Medical errors and adverse events
The safety and quality of health care is a controversial topic that frequently makes the news. So conducting reliable research in this area is important, to ensure that policy is evidence based.
Current research is based on a grant from the Nuffield Foundation, entitled “Funding clinical negligence cases: Access to justice at reasonable cost?”
The research is examining three main questions:
(1) trends in clinical negligence claims in comparison to other personal injury areas;
(2) the role of funding mechanisms in determining who makes clinical negligence claims, the types of claim and claim outcomes;
(3) the potential effects on clinical negligence claims of reforms to legal procedure.
To understand trends in clinical negligence claims, we are conducting a large population survey to estimate the rate and severity of any harm that members of the public consider themselves to have experienced as a result of their medical care. The survey closely matches one conducted in 2001, and should therefore provide a clear idea of changes over the last decade. Results will be available at the end of 2013.
Insuring patient safety
The arrangements which govern the compensation of patients when they are harmed by the medical care they receive have been investigated by Alastair Gray and Oliver Rivero-Arias along with colleagues from the Universities of Nottingham and Surrey, as part of the ESRC Public Services Programme. A final report on this work was completed in early 2007. Results from work in this area have been published in the Journal of Health Economics, and the Journal of Public Administration, Research and Teaching (JPART).
Previous research in HERC has estimated the costs of adverse events, and the relationship between adverse events and personal injury litigation has been explored on behalf of the Department of Health and the Lord Chancellor's Department (now Department of Constitutional Affairs).
In 2002, Alastair Gray in collaboration with Paul Fenn from the University of Nottingham (Business School) and Neil Rickman from University of Surrey (Department of Economics) was asked to undertake a package of research work to support the enquiry of the Chief Medical Officer into policy alternatives for patient compensation. This involved the design and analysis of a national MORI survey, a simulation of the costs and health service implications of different policy options, and a detailed literature review. Some results of this work were published in the Economic Journal in 2004.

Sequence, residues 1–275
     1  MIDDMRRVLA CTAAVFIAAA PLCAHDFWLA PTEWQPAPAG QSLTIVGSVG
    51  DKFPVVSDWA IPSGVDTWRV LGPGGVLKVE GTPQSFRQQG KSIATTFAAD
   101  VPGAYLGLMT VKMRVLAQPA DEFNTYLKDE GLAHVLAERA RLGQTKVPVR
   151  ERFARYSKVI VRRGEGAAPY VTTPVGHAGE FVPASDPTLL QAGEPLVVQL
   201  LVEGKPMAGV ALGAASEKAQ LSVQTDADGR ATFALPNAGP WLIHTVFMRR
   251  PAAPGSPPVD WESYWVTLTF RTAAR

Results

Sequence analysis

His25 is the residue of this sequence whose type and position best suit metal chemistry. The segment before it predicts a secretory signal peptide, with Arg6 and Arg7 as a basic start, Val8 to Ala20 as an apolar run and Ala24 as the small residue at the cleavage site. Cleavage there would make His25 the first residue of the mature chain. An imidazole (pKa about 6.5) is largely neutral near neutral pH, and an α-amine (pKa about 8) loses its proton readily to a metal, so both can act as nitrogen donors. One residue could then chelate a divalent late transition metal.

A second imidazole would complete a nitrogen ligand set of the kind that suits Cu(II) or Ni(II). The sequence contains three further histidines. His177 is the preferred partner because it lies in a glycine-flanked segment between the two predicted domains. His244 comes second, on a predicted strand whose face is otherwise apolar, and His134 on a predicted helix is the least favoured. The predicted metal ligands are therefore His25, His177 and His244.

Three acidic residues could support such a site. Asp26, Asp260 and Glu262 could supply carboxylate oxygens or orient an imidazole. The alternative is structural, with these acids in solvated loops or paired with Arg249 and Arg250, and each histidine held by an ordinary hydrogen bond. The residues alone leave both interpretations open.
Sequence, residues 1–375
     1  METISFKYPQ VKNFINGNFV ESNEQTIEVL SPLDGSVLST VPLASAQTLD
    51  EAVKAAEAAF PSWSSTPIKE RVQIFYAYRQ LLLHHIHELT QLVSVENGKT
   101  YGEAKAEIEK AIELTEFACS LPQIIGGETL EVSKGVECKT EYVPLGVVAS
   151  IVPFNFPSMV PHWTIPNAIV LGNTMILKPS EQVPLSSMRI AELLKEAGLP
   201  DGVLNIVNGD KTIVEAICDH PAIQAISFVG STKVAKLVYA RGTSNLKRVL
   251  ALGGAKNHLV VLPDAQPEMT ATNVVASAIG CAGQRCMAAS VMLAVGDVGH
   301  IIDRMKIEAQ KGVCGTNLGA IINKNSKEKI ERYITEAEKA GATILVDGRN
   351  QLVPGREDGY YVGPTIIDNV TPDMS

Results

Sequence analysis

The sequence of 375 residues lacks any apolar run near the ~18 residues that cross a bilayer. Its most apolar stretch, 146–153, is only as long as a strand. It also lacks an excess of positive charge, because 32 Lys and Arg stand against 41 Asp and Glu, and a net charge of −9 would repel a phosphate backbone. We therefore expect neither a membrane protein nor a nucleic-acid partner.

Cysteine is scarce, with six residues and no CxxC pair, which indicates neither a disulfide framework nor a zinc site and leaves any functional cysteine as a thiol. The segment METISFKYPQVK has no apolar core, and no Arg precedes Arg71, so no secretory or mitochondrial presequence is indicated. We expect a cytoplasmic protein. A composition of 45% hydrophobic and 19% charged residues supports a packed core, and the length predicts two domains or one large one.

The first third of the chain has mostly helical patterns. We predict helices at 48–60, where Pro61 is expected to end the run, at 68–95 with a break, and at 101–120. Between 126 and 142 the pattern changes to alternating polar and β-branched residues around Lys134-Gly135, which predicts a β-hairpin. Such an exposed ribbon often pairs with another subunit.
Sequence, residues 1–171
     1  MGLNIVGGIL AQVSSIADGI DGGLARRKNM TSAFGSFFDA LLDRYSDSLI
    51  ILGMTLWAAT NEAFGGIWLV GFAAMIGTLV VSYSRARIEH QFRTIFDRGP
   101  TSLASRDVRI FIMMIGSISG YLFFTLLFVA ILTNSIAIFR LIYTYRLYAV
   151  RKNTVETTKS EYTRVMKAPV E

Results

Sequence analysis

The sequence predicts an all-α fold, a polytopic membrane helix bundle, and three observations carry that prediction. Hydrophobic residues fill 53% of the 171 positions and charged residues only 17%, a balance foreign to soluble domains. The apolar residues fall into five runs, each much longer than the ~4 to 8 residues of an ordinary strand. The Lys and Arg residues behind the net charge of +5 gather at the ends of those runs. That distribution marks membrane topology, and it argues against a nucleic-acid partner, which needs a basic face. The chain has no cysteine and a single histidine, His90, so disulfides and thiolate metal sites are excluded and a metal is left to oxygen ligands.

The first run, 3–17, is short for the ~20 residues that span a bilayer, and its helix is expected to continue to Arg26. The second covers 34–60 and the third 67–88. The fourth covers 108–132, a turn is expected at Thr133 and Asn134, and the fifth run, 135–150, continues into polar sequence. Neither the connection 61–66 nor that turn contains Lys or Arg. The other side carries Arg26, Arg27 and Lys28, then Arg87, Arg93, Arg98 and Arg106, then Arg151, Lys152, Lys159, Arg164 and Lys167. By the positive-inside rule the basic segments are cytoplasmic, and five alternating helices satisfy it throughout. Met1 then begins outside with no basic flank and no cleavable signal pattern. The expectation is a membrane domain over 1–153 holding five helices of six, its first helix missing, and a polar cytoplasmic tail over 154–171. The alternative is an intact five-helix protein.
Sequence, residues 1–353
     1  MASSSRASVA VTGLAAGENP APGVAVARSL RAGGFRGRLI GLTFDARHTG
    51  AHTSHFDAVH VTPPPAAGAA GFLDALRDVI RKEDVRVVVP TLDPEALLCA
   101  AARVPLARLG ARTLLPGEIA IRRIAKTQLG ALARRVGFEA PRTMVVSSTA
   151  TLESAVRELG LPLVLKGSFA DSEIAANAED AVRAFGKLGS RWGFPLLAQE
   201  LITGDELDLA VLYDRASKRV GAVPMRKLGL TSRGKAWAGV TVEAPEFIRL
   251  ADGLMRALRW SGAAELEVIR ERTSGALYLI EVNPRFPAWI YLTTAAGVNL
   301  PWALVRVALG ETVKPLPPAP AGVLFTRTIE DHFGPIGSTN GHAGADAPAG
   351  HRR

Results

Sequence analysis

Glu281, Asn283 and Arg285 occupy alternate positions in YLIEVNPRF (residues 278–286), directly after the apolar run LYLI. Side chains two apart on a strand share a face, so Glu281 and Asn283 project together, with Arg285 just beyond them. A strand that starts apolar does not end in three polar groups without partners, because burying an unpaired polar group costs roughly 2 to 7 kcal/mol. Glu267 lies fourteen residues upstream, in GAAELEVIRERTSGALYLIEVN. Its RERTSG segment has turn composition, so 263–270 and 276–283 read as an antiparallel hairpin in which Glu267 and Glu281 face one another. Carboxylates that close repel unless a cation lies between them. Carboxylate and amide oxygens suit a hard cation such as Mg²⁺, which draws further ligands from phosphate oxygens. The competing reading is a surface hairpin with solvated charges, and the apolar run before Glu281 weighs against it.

In parallel with this work, Oliver Rivero-Arias completed during 2004 a research project funded by the Department of Health Patient Safety Research Programme into the uses of medico-legal databases to provide information on the epidemiology of patient safety and adverse events. This involved collaboration with the School of Primary Care and the Manchester Centre for Healthcare Management (both at the University of Manchester), the Department of Surgery, Imperial College, London and Nottingham University Business School.
Alastair Gray has undertaken a detailed literature review for the National Patient Safety Agency on the epidemiology and economics of adverse events in health care, and has begun work with the NPSA to identify ways in which principles of cost-effectiveness can be applied systematically to patient safety. This has been published by the NPSA.
Fenn, P, Gray, A, and Rickman, N (2007). Liability, insurance and medical practice.
J Health Econ, 26(5):1057-70.
Gray, A (2005). Adverse events and the National Health Service: an economic perspective. A report to the National Patient Safety Agency.
Fenn P, Gray AM, Rickman N (2004). The Economics of Clinical Negligence Reform in England. The Economic Journal, 114: F272-F292.
Fenn P, Gray AM, Rickman N, Carrier H (2002). The Impact of Conditional Fees on the Outcome of Personal Injury Cases. Journal of Insurance Research and Practice, 43-48.